Theory, Research and Opinion:
 This is an excellent paper on virtual working and the use of social pedagogical practice in building psychological safety. I particularly like the use of the word Haltung – a German word that roughly translates as ethos or mindset, and the “Three P’s”: three “areas of self” when working alongside people – professional, personal and private.

I wrote this opinion piece about silence and psychological safety. Whilst silence can be an indicator of poor psychological safety in a group, it doesn’t always mean something is wrong, and silence can actually be used and applied well, if care is taken to do it properly.

This is a good (though long) paper on enhancing psychological safety in mental health services. There’s actually a very good table near the end with a large list of actionable items if you work in this sector.

Here’s a good piece by Becky Tatum at the Patient Safety Learning Hub about staff physical safety in the workplace as well as their psychological safety.

Things to do and try:

I feel that we often find ourselves slipping into bad habits with meetings, maybe simply because we have so many of them. This is a handy “8 Ground Rules for Great Meetings” by Roger Schwarz. 

This is a lesson I need to learn myself. Get a coach. This is a nice piece from Seth Godin on the importance of having (and finding) a coach

I wrote up one of the exercises mentioned in the NHS Horizons guide to psychological safety: the In/Out exercise, and I’d love to hear if anyone has tried it and how you got on? Are there any improvements you would suggest?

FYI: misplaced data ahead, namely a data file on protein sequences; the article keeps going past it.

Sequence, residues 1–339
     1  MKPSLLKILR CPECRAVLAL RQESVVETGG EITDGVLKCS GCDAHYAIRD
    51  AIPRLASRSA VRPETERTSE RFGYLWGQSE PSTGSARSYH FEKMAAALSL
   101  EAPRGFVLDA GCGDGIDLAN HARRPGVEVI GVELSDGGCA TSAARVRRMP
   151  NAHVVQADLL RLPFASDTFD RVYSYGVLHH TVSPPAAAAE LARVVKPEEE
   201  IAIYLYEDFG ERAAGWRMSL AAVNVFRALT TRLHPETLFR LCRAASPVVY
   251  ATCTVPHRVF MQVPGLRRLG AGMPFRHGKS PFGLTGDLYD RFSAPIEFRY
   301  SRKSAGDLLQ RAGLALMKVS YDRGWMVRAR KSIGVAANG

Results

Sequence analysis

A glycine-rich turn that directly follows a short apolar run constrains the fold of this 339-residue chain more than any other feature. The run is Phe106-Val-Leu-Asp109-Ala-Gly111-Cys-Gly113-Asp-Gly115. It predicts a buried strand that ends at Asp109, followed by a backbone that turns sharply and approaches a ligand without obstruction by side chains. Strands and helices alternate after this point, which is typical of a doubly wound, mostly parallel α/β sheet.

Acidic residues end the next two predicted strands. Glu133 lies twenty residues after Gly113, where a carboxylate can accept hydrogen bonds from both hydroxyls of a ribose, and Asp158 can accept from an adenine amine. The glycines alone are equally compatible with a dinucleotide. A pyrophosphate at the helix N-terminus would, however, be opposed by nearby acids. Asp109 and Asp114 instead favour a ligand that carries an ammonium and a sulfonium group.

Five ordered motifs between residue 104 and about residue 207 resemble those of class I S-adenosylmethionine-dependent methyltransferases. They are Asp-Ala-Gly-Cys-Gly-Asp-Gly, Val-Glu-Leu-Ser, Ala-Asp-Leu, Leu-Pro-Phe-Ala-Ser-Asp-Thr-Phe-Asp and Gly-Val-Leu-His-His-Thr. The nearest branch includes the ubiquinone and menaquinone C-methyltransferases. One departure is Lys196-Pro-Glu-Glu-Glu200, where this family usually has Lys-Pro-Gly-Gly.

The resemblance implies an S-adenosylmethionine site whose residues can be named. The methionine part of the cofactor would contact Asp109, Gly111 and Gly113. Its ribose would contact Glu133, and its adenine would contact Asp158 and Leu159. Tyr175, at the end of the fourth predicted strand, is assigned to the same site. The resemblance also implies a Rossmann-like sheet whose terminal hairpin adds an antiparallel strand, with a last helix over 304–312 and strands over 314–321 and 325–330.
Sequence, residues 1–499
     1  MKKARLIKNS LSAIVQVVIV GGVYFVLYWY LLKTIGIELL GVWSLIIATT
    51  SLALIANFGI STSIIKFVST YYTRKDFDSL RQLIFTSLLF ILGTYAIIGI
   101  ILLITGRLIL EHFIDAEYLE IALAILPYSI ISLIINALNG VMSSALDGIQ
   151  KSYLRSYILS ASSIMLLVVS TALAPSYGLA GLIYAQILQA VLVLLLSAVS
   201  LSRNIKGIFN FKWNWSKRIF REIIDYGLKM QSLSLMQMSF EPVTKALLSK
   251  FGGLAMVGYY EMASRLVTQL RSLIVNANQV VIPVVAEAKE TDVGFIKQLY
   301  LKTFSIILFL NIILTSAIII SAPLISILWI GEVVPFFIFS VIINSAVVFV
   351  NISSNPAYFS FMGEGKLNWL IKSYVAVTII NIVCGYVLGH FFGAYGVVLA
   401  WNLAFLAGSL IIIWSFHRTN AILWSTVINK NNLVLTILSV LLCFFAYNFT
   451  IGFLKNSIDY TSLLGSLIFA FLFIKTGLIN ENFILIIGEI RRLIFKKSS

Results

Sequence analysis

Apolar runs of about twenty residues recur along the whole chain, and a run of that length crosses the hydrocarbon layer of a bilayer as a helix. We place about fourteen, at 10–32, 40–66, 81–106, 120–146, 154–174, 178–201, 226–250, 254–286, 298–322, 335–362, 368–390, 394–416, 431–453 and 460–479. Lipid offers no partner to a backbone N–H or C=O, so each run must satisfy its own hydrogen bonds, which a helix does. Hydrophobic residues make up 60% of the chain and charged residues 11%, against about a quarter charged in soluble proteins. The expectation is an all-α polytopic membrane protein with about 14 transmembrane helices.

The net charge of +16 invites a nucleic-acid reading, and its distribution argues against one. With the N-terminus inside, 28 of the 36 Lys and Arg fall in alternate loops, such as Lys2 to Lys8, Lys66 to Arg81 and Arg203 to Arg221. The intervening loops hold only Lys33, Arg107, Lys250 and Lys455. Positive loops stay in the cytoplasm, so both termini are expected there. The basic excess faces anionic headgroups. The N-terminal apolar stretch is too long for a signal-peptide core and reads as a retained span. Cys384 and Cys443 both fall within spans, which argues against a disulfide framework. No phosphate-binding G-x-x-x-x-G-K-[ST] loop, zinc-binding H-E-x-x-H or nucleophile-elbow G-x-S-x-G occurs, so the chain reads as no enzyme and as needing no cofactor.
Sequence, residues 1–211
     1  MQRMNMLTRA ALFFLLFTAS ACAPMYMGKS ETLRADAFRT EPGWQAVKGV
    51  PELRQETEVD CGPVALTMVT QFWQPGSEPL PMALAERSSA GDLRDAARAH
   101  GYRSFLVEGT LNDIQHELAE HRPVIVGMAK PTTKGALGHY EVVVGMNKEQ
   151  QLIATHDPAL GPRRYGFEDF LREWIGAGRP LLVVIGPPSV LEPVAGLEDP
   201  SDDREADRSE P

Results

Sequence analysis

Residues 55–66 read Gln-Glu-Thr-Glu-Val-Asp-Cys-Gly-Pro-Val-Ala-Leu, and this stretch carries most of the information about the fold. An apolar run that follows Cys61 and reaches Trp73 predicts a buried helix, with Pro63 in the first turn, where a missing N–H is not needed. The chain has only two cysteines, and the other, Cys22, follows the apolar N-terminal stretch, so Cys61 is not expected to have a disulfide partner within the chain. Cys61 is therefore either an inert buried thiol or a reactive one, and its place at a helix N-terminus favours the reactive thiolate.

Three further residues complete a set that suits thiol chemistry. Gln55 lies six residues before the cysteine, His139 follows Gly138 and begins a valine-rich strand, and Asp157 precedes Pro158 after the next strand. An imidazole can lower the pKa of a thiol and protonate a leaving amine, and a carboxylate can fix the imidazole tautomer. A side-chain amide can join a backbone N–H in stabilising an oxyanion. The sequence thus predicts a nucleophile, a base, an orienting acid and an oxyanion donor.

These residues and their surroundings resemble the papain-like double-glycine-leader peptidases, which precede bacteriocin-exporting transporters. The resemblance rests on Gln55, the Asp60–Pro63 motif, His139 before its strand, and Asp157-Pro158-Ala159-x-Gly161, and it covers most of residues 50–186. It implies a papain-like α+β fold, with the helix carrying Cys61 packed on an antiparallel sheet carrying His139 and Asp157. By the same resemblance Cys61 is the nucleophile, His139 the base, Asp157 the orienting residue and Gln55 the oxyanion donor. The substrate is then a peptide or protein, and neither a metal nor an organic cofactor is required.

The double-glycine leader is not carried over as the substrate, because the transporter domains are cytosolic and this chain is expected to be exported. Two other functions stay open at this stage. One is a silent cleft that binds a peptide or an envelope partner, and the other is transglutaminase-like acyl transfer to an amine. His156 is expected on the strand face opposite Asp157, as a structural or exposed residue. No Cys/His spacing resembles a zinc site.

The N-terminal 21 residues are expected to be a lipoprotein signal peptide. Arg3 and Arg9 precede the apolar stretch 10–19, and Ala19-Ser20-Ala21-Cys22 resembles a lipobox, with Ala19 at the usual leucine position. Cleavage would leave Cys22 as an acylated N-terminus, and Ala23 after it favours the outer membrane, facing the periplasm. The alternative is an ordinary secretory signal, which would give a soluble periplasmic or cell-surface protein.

This week’s poem:“Notes on Survival” by Nikita Gill 

 You are allowed to break. Everything does.
The stars grow tired and fall.
The waves crash against rocks and shores.
Trees fall for both storms and the wind, leaving behind seeds
and saplings so a version of them can grow up again.
Stormclouds part for the rain
and then part again for the sun to come through.
Night must break for day and the day for the night.
The world is made of broken things piecing themselves back together
– this is what gives us the most resilient stories.
So why do you think you were built any differently than
the night and the stormclouds? You know how to put yourself
back together again too, just as well as they do.
Take heart. You have managed to rebuild yourself
a thousand times over from every bad day.
That is no small thing.


We’re working on a psychological safety meetup. Roughly once every month, we’ll have a speaker on a certain topic, and an opportunity for us all to collaborate, workshop ideas and practices, and maintain a safe space for psychological safety! More details to come, but if you would like to be involved, head over to the community: and sign up here:

As always, check out, for more resources and articles. 
Read previous newsletters here, and get in touch if you’d like to share something in this newsletter.